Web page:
United States corn growers are pressing President
Donald Trump for better treatment in his $15bn China trade aid plan, arguing they were short changed in the administration’s $12bn assistance package last year.
The National Corn Growers Association sent out a call to action urging farmers to tell Trump that the 1 cent-per-bushel payment that growers received under the prior market facilitation payments wasn’t enough. The campaign is being promoted with the hashtag #apennywontcutit.
“A penny didn’t cut it then and won’t cut it now,” the trade group said in a notice to members posted on its website.
The trade war, bad weather and waivers the administration is issuing oil refiners on ethanol standards “have all created a perfect storm for agriculture”.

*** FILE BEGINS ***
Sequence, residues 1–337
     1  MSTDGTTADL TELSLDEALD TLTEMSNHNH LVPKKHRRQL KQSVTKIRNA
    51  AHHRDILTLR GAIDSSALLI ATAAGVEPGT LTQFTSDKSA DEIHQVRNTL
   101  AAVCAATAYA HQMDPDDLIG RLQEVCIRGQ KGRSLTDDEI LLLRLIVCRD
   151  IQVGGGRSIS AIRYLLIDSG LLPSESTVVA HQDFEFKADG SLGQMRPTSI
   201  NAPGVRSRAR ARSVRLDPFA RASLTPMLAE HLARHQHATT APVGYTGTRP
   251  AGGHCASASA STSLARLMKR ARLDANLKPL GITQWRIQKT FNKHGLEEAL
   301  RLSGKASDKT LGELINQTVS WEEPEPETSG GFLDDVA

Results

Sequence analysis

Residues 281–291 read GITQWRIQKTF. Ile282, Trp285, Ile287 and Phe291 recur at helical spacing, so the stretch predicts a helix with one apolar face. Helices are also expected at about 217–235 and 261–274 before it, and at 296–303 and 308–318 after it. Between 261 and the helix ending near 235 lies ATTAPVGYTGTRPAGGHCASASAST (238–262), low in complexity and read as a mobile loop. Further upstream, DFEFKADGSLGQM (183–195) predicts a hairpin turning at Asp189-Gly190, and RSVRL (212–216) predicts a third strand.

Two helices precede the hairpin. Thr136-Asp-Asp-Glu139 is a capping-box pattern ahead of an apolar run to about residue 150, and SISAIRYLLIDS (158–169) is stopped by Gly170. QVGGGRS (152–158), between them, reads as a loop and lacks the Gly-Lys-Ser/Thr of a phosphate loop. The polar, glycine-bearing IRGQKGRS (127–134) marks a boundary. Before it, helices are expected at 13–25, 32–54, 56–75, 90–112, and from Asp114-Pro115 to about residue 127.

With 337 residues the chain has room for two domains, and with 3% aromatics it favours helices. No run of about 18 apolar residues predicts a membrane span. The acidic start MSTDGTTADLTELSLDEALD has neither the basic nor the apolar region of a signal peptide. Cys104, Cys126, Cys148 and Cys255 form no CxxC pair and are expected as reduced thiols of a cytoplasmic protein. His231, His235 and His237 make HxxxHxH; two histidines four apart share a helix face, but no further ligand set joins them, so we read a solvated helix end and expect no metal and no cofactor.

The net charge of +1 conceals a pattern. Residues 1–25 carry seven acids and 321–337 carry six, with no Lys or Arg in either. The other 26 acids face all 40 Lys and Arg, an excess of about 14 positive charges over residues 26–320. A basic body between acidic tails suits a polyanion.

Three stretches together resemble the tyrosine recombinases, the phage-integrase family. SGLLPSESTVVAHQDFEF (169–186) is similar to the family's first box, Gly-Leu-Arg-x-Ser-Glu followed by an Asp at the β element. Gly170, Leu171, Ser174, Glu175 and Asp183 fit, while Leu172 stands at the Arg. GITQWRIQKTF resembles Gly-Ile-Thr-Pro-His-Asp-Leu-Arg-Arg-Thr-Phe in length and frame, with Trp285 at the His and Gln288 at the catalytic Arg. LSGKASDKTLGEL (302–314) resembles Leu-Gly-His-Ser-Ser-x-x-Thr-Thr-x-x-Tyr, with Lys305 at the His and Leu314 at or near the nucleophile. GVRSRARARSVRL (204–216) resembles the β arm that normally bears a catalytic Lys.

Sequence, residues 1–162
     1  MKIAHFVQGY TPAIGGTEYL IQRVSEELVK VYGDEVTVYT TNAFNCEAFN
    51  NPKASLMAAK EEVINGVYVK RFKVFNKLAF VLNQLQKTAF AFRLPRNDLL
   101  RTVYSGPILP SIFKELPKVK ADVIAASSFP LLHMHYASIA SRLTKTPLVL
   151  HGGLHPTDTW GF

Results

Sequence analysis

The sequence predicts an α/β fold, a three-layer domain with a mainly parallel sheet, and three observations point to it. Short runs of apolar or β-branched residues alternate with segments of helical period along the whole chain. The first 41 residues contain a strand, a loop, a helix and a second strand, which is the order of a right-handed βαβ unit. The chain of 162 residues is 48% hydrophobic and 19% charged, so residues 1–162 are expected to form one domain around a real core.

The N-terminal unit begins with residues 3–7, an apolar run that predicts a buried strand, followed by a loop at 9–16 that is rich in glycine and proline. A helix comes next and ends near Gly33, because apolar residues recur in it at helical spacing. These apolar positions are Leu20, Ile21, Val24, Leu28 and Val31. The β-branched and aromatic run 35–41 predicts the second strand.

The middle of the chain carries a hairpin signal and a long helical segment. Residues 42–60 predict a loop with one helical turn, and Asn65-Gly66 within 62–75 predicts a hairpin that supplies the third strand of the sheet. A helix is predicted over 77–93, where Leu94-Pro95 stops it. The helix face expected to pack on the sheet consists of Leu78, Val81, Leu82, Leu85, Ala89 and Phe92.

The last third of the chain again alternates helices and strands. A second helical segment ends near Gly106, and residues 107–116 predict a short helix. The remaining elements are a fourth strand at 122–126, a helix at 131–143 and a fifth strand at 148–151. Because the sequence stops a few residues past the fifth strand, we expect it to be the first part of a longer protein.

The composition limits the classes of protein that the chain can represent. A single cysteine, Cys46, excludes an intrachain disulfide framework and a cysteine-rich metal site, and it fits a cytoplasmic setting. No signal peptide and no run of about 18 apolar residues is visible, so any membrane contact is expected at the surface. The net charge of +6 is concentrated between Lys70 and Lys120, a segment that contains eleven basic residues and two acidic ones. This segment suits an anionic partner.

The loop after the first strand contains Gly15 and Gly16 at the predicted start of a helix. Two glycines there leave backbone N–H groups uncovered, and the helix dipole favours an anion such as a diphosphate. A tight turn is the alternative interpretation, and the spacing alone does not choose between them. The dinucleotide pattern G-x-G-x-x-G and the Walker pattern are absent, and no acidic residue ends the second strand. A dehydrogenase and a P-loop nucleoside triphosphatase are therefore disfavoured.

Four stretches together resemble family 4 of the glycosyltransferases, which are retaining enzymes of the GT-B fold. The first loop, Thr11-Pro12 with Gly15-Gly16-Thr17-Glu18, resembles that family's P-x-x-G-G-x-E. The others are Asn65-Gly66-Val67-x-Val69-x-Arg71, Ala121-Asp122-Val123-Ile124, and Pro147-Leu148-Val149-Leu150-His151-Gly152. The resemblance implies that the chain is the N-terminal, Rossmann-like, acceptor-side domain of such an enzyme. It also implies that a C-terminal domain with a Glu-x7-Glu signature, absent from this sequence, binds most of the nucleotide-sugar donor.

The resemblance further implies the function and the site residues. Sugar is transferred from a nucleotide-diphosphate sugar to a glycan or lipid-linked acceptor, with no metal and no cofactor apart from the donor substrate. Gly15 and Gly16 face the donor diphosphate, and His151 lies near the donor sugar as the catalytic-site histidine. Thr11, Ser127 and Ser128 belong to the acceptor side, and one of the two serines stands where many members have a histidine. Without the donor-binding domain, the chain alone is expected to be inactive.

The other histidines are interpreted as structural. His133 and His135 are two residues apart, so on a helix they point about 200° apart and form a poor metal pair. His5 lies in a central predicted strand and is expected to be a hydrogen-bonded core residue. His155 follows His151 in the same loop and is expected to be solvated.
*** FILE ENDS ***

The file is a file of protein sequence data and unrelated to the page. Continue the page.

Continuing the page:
American farmers are struggling to keep afloat as the tariff spat that started a year ago curbed soybean exports to top buyer China, sending prices tumbling and hurting grower incomes.
As of Monday, the federal government had made $8.52bn in market facilitation payments to farmers under the prior trade assistance program.
On Friday, Trump announced in tandem with new tariffs on China an ill-defined plan to boost purchases of domestic farm products for humanitarian aid in an effort to offset lost demand from the Asian nation.
Sonny Perdue said he is working on a plan and will submit it to the president within “a few days to a couple of weeks”.